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Science News Archive | Brightsurf | (August 2019)

Science news and current events archive from August, 2019.

Show All Years  •  2019  •  Show All Months (2019)  •  August

Week 31
Thursday August 1, 2019 (112)
Friday August 2, 2019 (70)
Sunday August 4, 2019 (5)

Week 32
Monday August 5, 2019 (99)
Tuesday August 6, 2019 (83)
Wednesday August 7, 2019 (109)
Thursday August 8, 2019 (120)
Friday August 9, 2019 (60)
Saturday August 10, 2019 (5)
Sunday August 11, 2019 (1)

Week 33
Monday August 12, 2019 (117)
Tuesday August 13, 2019 (89)
Wednesday August 14, 2019 (107)
Thursday August 15, 2019 (103)
Friday August 16, 2019 (47)
Saturday August 17, 2019 (1)
Sunday August 18, 2019 (5)

Week 34
Monday August 19, 2019 (109)
Tuesday August 20, 2019 (105)
Wednesday August 21, 2019 (116)
Thursday August 22, 2019 (117)
Friday August 23, 2019 (48)
Saturday August 24, 2019 (1)
Sunday August 25, 2019 (8)

Week 35
Monday August 26, 2019 (123)
Tuesday August 27, 2019 (92)
Wednesday August 28, 2019 (104)
Thursday August 29, 2019 (116)
Friday August 30, 2019 (48)
Saturday August 31, 2019 (17)


Top Science Current Events and Science News from August 2019



Microbes may play a role in heart attack onset
Microorganisms in the body may contribute to destabilisation of coronary plaques and subsequent heart attack, according to late breaking research presented today at ESC Congress 2019 together with the World Congress of Cardiology.(1) (2019-08-31)
Eating nuts linked with lower risk of fatal heart attack and stroke
Eating nuts at least twice a week is associated with a 17% lower risk of death from cardiovascular disease, according to research presented today at ESC Congress 2019 together with the World Congress of Cardiology. (2019-08-31)
Sedentary lifestyle for 20 years linked to doubled mortality risk compared to being active
Two decades of a sedentary lifestyle is associated with a two times risk of premature death compared to being physically active, according to results from the HUNT study presented today at ESC Congress 2019 together with the World Congress of Cardiology. (2019-08-31)
Guidelines on diabetes and cardiovascular diseases published today
The European Society of Cardiology (ESC) Guidelines on diabetes, pre-diabetes and cardiovascular diseases are published online today in European Heart Journal, and on the ESC website. (2019-08-31)
Guidelines on management of fast heartbeat published today
The European Society of Cardiology (ESC) Guidelines on supraventricular tachycardia are published online today in European Heart Journal, and on the ESC website. (2019-08-31)
Epigenome-wide association study of leukocyte telomere length
In this study, the research team conducted a large-scale epigenome-wide association study of LTL using seven large cohorts the Framingham Heart Study, the Jackson Heart Study, the Womens Health Initiative, the Bogalusa Heart Study, the Lothian Birth Cohorts of 1921 and 1936, and the Longitudinal Study of Aging Danish Twins. (2019-08-31)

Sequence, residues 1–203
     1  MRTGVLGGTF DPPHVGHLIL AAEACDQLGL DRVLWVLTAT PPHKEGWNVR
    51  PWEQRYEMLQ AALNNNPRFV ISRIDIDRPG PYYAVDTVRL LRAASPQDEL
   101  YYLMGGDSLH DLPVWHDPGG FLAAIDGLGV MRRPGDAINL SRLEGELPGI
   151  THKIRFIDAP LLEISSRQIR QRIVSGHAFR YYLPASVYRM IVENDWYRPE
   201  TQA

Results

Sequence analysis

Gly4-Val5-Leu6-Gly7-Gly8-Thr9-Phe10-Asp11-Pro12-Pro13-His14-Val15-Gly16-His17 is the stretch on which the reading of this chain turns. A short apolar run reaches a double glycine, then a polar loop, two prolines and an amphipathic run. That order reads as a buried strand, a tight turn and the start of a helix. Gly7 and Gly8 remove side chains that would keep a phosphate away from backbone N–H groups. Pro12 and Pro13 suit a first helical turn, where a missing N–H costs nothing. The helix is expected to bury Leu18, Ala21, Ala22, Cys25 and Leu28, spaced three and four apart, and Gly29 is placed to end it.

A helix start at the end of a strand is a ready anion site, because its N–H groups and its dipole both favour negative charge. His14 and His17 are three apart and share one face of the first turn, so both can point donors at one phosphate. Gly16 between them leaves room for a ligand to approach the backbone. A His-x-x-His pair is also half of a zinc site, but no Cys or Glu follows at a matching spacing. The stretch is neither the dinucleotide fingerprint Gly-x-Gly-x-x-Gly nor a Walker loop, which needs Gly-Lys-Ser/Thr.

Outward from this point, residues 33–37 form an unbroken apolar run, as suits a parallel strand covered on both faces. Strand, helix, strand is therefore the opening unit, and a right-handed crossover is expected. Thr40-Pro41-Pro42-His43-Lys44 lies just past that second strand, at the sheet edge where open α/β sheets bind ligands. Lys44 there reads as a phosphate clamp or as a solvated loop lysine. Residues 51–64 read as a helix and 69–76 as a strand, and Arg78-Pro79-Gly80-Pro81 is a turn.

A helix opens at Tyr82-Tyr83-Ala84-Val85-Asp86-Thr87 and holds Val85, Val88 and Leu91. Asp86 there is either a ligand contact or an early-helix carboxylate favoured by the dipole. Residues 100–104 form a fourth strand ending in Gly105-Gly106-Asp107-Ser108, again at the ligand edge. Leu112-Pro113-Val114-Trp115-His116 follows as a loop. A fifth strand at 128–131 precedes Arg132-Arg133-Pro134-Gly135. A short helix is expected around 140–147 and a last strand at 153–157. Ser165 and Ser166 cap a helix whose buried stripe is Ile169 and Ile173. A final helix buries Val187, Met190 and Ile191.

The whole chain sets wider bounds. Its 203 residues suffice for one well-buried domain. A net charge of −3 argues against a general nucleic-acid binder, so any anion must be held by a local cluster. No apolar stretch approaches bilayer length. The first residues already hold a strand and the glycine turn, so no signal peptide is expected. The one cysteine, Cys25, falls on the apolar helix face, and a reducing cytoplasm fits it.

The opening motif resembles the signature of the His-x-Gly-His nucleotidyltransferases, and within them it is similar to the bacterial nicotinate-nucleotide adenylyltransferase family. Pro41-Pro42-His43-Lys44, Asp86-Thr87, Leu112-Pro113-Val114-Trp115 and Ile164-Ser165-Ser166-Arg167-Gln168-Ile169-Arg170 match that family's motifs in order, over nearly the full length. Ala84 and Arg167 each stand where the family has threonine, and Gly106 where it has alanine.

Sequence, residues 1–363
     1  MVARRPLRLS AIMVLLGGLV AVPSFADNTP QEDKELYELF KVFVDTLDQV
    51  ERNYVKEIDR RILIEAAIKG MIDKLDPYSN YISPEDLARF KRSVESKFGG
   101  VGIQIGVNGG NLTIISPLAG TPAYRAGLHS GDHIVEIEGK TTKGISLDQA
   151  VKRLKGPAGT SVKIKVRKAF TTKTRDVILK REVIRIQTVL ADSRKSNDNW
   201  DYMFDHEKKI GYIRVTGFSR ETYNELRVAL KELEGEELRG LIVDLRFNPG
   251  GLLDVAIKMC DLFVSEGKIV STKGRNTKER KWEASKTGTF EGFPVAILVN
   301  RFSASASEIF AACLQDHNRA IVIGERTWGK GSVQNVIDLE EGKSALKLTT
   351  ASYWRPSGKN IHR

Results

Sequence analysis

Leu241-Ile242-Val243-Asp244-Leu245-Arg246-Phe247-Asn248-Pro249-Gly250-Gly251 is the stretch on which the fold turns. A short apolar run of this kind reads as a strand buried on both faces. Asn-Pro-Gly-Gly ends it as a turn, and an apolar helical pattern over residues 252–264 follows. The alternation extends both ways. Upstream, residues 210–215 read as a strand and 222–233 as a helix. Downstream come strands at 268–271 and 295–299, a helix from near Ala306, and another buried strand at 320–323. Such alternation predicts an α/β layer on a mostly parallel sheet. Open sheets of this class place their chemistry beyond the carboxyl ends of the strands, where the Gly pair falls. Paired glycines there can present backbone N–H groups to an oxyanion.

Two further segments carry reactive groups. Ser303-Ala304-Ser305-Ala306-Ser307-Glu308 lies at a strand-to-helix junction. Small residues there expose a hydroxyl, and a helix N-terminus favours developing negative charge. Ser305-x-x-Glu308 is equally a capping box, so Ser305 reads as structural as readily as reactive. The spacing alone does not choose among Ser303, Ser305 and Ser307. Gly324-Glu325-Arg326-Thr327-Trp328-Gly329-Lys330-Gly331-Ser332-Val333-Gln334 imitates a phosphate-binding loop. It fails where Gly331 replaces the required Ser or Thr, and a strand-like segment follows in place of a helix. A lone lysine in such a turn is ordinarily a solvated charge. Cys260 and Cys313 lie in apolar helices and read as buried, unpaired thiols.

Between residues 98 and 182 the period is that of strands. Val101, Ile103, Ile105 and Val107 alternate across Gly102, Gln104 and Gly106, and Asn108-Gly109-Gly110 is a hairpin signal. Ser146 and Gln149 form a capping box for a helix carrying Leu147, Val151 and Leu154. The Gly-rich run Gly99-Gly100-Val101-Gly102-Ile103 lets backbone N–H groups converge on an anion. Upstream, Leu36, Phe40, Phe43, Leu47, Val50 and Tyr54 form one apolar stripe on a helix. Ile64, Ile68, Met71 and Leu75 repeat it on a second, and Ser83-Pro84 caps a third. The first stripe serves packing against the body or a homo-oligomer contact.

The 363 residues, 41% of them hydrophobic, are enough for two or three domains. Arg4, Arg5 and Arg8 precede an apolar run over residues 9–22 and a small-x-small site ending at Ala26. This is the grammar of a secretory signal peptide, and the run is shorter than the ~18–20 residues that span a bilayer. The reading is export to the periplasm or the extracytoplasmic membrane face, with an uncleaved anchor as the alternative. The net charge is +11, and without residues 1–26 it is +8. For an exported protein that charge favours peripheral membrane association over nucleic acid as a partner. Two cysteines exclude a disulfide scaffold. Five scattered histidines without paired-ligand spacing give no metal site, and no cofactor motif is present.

Amazon deforestation has a significant impact on the local climate in Brazil
The loss of forest cover in the Amazon has a significant impact on the local climate in Brazil, according to a new study. (2019-08-30)
New insights into how diet & medication impact the influence of gut bacteria on our health
Research published in Cell on 29th August by the groups of Filipe Cabreiro from the MRC London Institute of Medical Sciences and Imperial College and Christoph Kaleta from Kiel University in Germany has demonstrated that diet can alter the effectiveness of a type-2 diabetes drug via its action on gut bacteria. (2019-08-30)
European guidelines on lipid control advocate 'lower is better' for cholesterol levels
Low-density lipoprotein (LDL) cholesterol levels should be lowered as much as possible to prevent cardiovascular disease, especially in high and very high risk patients. (2019-08-31)
FEFU scientists developed brand-new rapid strength eco-concrete
Engineers of Far Eastern Federal University (FEFU) with colleagues from Kazan State University of Architecture and Engineering (KSUAE) have developed a brand-new rapid strength concrete, applying which there is possible to accelerate the tempo of engineering structures manufacturing by three to four times. (2019-08-30)
Arrival of refugees in Eastern German communities has no effect on voting behavior, attitudes on immigration
The arrival of refugees in eastern German communities has had no effect on local residents' voting behavior or on their attitudes toward immigration, finds a new study of citizens in more than 200 regional municipalities. (2019-08-31)
Persistent plume
Thunderstorms generated by a group of giant wildfires in 2017 injected a small volcano's worth of aerosol into the stratosphere, creating a smoke plume that lasted for almost nine months. (2019-08-08)
Diabetes medication shows potential to reduce heart disease
A new study from St. Michael's Hospital in Toronto, Canada shed lights on how a class of medications that help regulate blood sugar for patients with Type 2 diabetes can also protect against heart disease. (2019-08-31)
Theory reveals the nature of crystals defects (of silicon carbide)
Imperfections of crystal structure, especially edge dislocations of an elongated nature, deeply modify basic properties of the entire material and, in consequence, drastically limit its applications. (2019-08-29)
Burgundy wine grapes tell climate story, show warming accelerated in past 30 years